¶44 In the Old Testament we find that in a very early day there was some little knowledge as to the consequences that flowed from an injury to the head or the spinal cord. This, however, has been enlarged upon by modern research, and the court is instructed by what are classed as experts in matters of this kind, though the common man's observation does not always coincide with the testimony of experts, and experience while a member of this court in reviewing industrial cases has convinced me that the beauty of the expert's testimony is loyalty based on variety.

¶45 By reference to the Lawyer's Bible, in the last chapter of Ecclesiastes the fears that come upon men at times are spoken of, and the grasshoppers being a burden, and that "desire shall fail," because of man's going to his long home, and the mourners going about the street, and the 6th verse of that chapter refers, evidently, to one of the causes of man's going to his long home and the mourners going about the street, as follows:

"6. Or ever the silver cord be loosed, or the golden bowl be broken, or the pitcher be broken at the fountain, or the wheel broken at the cistern.

"7. Then shall the dust return to the earth as it was: and the spirit shall return unto God who gave it."

¶46 I rather think that in the olden time they knew something of head injuries, and that the court in this case has departed both from the principles of the sacred law and also the law enacted by the Legislature in governing workmen's compensation.

¶47 Strong emphasis is placed upon the request of the petitioner upon the State Industrial Commission to make findings of fact. However, I am not aware of any express rule that says that this technical procedure can be resorted to by one complaining of the action of the Commission. It is true that two theories of the matter were presented to the Commission, one being of epilepsy caused absolutely by the injury, the other of the aggravation of a latent condition. However, it is clear to my mind that under the evidence in this case, there never was any epilepsy until the button of bone was broken at the base of the skull, close to the base of the brain, and that this was the sole cause of the unfortunate condition of the boy, and to require the Commission to be exact in saying whether it was an aggravation of a previous epilepsy, or whether it was the product of the wound, strikes me as being hypercritical. I do not find anywhere under the former rules of the court that this element, which was ordinarily resorted to by lawyers to prevent the upholding of verdicts, has any place before the Industrial Commission. There does not appear to be in the statute itself any requirement for specific findings, as distinguished from an award, which is ordinarily based, like the verdict of a jury, upon the whole case. So far had this idea been carried prior to statehood on the Oklahoma side that at the instance of a later Chief Justice of this court, though now dead, a constitutional provision was made on the subject, found in section 21, art. 7, of the Constitution, not only to supplement existing legislation, but to prevent future legislation to the contrary, said provision being as follows:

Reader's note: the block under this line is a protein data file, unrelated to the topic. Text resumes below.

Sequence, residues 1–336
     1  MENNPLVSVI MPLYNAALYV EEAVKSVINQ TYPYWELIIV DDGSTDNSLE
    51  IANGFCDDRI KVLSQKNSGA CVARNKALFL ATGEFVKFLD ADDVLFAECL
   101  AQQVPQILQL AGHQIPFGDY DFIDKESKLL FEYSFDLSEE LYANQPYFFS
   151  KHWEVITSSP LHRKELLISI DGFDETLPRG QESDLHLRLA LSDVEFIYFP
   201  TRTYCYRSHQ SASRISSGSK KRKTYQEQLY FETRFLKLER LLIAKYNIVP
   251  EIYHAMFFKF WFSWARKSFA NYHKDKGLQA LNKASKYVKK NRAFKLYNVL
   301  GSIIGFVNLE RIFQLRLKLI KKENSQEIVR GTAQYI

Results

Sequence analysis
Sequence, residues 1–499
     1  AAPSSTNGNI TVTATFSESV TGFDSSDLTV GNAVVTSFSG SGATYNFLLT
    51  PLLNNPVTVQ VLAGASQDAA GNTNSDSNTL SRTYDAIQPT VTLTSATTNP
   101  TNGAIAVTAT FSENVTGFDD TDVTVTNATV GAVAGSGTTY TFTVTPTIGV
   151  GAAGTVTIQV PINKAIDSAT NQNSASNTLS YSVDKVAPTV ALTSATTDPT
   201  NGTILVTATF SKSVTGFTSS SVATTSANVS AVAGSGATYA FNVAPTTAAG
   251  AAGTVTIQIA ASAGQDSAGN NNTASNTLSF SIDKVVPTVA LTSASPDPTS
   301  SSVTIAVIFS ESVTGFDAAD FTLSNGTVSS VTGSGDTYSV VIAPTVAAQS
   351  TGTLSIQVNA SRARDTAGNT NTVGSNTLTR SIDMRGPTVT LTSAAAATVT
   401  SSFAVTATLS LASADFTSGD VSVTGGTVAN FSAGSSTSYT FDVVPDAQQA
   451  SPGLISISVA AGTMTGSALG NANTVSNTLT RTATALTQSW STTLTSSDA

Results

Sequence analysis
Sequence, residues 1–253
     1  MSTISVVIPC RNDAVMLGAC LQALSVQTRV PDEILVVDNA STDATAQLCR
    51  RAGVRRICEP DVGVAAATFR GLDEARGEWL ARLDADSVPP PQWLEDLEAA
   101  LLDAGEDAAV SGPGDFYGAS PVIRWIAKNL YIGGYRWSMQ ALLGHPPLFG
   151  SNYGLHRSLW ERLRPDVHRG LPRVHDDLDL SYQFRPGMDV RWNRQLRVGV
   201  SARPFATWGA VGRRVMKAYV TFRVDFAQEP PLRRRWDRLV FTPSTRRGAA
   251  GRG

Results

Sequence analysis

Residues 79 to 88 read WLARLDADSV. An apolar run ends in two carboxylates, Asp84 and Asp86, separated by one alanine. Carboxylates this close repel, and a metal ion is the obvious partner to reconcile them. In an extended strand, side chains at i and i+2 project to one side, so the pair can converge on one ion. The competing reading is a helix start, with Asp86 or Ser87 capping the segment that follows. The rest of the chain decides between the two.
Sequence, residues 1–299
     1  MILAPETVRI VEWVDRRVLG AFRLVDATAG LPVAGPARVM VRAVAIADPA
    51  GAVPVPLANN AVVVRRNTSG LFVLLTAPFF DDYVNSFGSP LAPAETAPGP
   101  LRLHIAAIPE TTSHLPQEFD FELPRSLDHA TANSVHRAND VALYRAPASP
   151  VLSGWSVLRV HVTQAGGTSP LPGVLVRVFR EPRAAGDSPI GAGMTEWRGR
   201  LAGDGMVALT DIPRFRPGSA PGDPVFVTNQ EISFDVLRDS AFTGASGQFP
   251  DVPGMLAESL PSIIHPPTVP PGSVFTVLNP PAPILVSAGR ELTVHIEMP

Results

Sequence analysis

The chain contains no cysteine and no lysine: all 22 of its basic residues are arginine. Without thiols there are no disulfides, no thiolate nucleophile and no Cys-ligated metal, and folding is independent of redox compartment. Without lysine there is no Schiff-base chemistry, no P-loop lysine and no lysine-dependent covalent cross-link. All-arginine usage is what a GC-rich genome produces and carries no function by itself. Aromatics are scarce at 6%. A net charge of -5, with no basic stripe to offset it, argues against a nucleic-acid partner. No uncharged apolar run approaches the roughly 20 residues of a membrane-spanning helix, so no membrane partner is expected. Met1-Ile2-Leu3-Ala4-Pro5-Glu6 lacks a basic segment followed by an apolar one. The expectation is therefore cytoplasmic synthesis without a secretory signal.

"Sec. 21. In all jury trials, the jury shall return a general verdict, and no law in force, nor any law hereafter enacted, shall require the court to direct the jury to make findings on particular questions of fact; but the court may, in its discretion, direct such special findings."

¶48 The original statute intended to be modified by the constitutional provision is found in Revised Laws, 1910, section 5013. The courts had held that this provision was mandatory, resulting frequently in miscarriages of justice.

¶49 To use the technicality of failure to give notice at the hands of a 17 year old minor, and a failure to make special findings on request, and some slight mistake of a few days in calculation, as a basis for reversal, it seems to me, is violative of the spirit of the Constitution and of the act itself.

¶50 As to the procedure prescribed for courts, from time to time the Legislature has said that the courts with their technical reasoning had gone too far, and we now have statutes on the subject of variance and failure of proof that govern even the courts both in civil matters and in criminal cases. As applied to criminal matters, we find the following in C. O. S. 1921:

"2052. Variance in Proof. An omission to designate, or error in designating in indictment for arson, the owner or occupant of a building, shall not prejudice the proceedings thereupon, if it appears that upon the whole description given of the building it is sufficiently identified to enable the prisoner to prepare his defense."

¶51 There are general sections contained in our Code as to when variances are material, and among others are sections 312 and 313, C. O. S. 1921. All of our verdicts are generally general, though there is such a thing as the court's requiring special findings to be answered by a jury. With reference to the court itself, many a case has been affirmed by this court on the ground of the finding being general and that in the lower court the exception was not technical, and therefore the general finding covered everything. It is deemed unnecessary to cite authorities upon that kind of proposition, as it has been declared so often.

¶52 Here the Commission performs the function of court and jury and administrator, under the provisions of the act, that under the police power has been declared time and again to follow the Constitution. To now reverse this case and set aside this award, with all the evidence preserved by the Commission, simply because they did not comply with a technical request to make special findings, as this opinion seems to indicate, it seems to me, would be but a perversion of function.